At a civics class in a Soviet high school many years ago, a friend of mine asked the teacher, “Comrade Zubkevich, we have been speaking about the values and duties of citizenship, but which citizenship do we actually have?” At the time, the Soviet Union was breaking apart, and flags on government buildings were changing regularly. Silence fell over the classroom. “I do not know,” the teacher said.
Several months later, I got my first passport — a red Soviet booklet with the emblems of a non-existing state and a stamp saying “Russia.”
Nobody knew: the Soviet team entered the 1992 Olympics under the white flag with five Olympic rings, the “Commonwealth of the Independent States” was too ephemeral and the Soviet Union, seemingly, was no more. Several months later, I got my first passport — a red Soviet booklet with the emblems of a nonexisting state and a stamp saying “Russia.” Virtually all borders except the likes of Cuba, Kyrgyzstan and Ukraine were sealed for the holders of such a document. And it was upon finding this booklet among old papers several decades afterwards that, now a Dutch professor of constitutional law, I decided to write about citizenship.
Studying citizenship, one discovers that it is still common to use words such as “values” and “self-determination” to describe a world order where punishing randomness and hypocrisy reign. Patriotic nationalism aside, at its core, citizenship is nothing more than a random status of personal obligation to a legal system granted by public authorities, with no participation of the bearer in the majority of cases. Outside the issuing state, where it is usually invisible, citizenship’s key function boils down to the preservation and reinforcement of global inequalities, as well as the distribution of liabilities to the majority of the world’s population, mostly former colonial subjects.
The assumption that all citizenships are valuable is flawed. This would only be true in a world where the authorities issuing the status guarantee at least roughly comparable standards of self-fulfillment and personal empowerment to all — where citizenship would universally grant rights. In such a world, it would not matter which citizenship status you hold.
In our world however, we are greeted by the color of our passport: the citizenship of some produces a global glass ceiling, while others enjoy significant rights. Swapping my Russian passport for a Dutch one, I realized that while nothing has changed about me as a person, I am treated radically differently anywhere I go. This is the random privilege that contemporary citizenship upholds.
Swapping my Russian passport for a Dutch one, I realized that while nothing has changed about me as a person, I am treated radically differently anywhere I go.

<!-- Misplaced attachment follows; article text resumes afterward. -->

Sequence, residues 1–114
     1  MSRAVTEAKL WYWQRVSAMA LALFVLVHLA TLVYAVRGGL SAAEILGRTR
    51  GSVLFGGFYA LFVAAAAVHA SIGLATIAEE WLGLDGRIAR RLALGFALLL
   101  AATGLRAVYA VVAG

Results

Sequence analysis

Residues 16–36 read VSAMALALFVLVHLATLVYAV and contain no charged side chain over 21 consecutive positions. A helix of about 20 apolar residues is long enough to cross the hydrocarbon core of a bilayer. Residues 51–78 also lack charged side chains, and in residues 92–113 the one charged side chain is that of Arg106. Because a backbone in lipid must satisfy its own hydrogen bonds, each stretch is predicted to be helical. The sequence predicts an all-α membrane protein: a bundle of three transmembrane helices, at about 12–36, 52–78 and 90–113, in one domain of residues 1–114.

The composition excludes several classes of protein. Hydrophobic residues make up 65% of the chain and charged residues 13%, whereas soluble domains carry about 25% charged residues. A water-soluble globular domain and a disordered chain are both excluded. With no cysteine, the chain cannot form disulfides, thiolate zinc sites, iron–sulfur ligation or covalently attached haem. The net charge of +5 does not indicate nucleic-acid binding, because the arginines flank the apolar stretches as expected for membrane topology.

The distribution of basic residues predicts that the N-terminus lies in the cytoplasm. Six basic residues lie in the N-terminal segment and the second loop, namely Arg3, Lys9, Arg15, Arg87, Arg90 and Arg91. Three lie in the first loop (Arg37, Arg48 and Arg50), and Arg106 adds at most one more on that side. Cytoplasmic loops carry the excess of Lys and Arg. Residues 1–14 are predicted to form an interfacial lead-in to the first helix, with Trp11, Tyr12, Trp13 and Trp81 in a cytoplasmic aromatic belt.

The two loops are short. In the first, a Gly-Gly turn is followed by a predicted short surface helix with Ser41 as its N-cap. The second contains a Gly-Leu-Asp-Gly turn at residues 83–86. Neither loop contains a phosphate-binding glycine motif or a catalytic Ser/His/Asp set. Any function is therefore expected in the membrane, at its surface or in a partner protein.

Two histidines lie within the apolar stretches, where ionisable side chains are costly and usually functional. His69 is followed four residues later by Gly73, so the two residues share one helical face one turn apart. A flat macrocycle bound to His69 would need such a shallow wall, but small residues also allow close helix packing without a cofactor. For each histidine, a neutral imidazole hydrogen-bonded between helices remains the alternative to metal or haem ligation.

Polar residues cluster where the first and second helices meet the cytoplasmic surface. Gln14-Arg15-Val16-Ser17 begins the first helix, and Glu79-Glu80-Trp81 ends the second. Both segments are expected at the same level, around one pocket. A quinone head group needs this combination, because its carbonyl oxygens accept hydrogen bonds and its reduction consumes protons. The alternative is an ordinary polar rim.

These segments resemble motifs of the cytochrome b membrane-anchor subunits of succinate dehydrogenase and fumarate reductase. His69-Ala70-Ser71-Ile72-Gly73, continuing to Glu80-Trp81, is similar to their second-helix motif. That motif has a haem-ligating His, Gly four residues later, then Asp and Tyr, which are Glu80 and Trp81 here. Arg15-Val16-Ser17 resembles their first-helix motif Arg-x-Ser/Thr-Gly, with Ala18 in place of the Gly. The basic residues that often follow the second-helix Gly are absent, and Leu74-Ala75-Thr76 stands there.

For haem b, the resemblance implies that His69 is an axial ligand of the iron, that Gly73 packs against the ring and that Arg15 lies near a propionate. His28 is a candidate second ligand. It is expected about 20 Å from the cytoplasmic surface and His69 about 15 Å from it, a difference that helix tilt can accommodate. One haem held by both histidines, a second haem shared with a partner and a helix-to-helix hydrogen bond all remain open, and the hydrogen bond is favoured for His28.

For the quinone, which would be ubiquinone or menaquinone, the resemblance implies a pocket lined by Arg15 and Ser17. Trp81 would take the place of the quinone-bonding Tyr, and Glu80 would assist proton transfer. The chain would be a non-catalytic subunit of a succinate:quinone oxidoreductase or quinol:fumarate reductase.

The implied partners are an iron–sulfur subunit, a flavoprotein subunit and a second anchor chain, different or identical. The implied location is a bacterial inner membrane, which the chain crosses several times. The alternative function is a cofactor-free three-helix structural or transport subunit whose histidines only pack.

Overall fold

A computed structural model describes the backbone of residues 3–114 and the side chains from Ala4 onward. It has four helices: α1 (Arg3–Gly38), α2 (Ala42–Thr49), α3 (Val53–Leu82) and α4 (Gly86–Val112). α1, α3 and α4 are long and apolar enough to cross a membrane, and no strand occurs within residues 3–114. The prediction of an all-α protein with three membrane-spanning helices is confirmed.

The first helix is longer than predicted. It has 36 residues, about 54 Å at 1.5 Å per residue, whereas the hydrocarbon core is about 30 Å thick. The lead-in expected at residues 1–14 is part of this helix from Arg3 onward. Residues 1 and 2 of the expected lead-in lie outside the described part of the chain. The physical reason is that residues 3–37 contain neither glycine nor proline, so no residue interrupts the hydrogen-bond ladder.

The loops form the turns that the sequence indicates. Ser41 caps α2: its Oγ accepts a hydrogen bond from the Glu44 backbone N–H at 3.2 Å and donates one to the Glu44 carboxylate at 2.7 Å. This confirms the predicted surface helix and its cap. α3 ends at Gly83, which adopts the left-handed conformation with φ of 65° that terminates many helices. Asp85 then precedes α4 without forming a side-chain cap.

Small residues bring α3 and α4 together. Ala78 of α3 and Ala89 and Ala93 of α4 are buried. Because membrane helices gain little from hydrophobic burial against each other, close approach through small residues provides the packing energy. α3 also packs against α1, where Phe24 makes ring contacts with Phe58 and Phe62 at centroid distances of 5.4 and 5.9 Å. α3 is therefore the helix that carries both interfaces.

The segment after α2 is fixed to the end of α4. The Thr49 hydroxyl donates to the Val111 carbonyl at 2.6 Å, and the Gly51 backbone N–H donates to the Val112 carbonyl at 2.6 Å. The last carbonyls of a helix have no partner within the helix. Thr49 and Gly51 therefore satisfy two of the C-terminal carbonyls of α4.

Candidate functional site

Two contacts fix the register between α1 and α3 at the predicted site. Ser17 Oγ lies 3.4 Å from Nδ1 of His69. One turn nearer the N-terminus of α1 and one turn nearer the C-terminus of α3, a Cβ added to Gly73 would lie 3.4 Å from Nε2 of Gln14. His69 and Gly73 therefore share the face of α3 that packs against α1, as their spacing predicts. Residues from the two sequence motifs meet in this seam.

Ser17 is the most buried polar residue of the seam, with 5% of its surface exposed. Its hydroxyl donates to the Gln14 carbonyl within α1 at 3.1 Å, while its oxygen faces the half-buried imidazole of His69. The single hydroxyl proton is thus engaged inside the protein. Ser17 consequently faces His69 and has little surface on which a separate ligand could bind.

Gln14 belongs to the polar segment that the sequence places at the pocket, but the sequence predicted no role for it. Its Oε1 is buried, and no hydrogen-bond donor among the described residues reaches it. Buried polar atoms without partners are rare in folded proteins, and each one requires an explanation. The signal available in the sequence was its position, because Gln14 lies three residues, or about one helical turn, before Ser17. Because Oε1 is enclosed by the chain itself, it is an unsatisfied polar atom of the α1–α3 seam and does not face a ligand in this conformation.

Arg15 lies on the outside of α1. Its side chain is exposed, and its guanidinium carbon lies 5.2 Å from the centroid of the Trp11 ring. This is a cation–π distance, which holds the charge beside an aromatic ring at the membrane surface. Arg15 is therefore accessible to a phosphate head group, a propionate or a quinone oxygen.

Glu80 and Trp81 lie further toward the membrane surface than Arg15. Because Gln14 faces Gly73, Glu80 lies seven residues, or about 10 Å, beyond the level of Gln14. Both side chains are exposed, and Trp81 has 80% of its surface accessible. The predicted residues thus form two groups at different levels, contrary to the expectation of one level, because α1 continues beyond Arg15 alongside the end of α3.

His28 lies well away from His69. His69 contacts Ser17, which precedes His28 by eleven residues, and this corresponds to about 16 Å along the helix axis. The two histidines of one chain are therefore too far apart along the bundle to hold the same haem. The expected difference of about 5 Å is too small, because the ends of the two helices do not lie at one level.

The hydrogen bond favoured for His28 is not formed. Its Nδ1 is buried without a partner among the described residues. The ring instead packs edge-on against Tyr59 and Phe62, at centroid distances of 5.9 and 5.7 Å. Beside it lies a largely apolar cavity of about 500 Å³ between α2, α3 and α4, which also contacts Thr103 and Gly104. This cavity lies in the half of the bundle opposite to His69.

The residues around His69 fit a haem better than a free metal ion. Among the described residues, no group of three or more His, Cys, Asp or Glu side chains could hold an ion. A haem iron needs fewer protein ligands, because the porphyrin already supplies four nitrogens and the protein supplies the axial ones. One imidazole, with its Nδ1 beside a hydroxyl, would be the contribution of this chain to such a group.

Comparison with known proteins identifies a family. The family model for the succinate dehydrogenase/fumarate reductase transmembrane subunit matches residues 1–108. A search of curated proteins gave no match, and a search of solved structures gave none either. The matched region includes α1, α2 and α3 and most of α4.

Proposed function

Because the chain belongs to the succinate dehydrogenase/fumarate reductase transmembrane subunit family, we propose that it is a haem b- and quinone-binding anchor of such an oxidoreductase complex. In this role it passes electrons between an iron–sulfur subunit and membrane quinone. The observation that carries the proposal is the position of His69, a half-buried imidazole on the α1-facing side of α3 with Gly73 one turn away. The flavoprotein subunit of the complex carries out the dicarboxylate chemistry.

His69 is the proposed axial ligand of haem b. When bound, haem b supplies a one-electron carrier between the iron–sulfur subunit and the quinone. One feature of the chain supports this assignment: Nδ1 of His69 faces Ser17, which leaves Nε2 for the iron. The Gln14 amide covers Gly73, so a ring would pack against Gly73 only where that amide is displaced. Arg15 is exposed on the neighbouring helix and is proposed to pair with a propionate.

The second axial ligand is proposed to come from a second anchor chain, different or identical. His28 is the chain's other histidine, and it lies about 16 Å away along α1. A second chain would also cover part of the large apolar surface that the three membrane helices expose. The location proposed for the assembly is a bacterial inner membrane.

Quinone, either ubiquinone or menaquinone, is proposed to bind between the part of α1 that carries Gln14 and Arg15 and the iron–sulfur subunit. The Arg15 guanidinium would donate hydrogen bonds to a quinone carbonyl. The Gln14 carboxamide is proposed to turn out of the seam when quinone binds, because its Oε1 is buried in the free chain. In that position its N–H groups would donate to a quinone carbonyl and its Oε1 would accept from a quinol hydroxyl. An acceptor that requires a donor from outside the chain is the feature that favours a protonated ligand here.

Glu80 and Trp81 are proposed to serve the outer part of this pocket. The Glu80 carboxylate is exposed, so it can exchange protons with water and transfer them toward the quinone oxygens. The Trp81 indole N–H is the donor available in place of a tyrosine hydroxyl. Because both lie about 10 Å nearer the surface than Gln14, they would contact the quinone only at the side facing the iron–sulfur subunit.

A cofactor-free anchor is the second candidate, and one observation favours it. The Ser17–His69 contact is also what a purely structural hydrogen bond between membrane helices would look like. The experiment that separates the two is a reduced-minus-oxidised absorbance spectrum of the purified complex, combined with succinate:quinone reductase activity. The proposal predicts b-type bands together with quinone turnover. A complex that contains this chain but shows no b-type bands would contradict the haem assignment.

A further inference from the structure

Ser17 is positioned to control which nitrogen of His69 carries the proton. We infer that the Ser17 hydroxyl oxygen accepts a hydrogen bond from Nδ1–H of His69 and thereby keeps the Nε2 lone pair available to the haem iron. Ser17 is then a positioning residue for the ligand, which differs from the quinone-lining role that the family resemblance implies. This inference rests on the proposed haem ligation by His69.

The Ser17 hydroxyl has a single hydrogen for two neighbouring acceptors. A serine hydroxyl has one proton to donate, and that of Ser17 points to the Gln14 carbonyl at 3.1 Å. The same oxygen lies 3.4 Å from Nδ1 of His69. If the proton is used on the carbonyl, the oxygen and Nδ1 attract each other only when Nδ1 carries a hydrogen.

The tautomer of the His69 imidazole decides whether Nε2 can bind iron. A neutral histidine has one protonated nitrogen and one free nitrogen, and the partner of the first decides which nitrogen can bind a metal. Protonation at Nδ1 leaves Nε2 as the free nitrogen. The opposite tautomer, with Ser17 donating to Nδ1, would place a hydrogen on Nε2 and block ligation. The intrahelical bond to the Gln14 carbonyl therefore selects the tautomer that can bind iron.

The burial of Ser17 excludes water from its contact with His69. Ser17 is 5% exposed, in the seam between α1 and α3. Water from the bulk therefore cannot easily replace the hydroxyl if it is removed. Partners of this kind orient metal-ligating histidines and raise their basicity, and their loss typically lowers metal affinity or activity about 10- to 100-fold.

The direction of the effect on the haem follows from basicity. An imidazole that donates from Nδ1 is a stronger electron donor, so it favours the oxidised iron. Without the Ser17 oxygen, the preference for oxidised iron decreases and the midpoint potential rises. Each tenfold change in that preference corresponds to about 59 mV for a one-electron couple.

Claiming that the allocation of citizenships worldwide is logical and clear would also be incorrect. At the macro level, such a claim means trying to find the logic in rigid, pre-modern caste structures: is it not logical that a son of a brahmin is a brahmin, just as the son of an American is an American? At the micro level, such a claim is problematic too. For example, tenured professorship is irrelevant to citizenship in Switzerland, but enabled citizenship in Austria until 2008; having a Jewish mother can make you Israeli under Israel's Law of Return.
Examples of these contradictions and complications are endless: What is taken for granted as best practice in one country can seem almost outrageous in another. All in all, it is crucial to realize that there cannot be a “worse” or a “better” method of assignment to a caste. It is the repugnant assumptions underlying the very rationale of a caste system that are intolerable, especially in modern democracies.
Citizenship “quality” as it describes the ability of citizens to travel without visas, settle and work abroad and find economic opportunity correlates very neatly with the global distribution of wealth. While the absolute majority of the most economically developed countries offer their people elite super citizenships, the biggest share of the population of the world live with substandard citizenship status. By maintaining the borders between countries, citizenship upholds this inequality.
Citizenship is at a crossroads now: the dominant narrative is not sustainable. While still widely glorified, citizenship shows itself to be entirely hypocritical in a context where its success can no longer be measured by delivering on the ethically and morally repugnant constituents of its essence. If we believe in the ideals it proclaims and apply those globally, citizenship is bound to perish. When we understand citizenship’s actual functioning in faithful, accurate terms, it cannot under any circumstances be justified.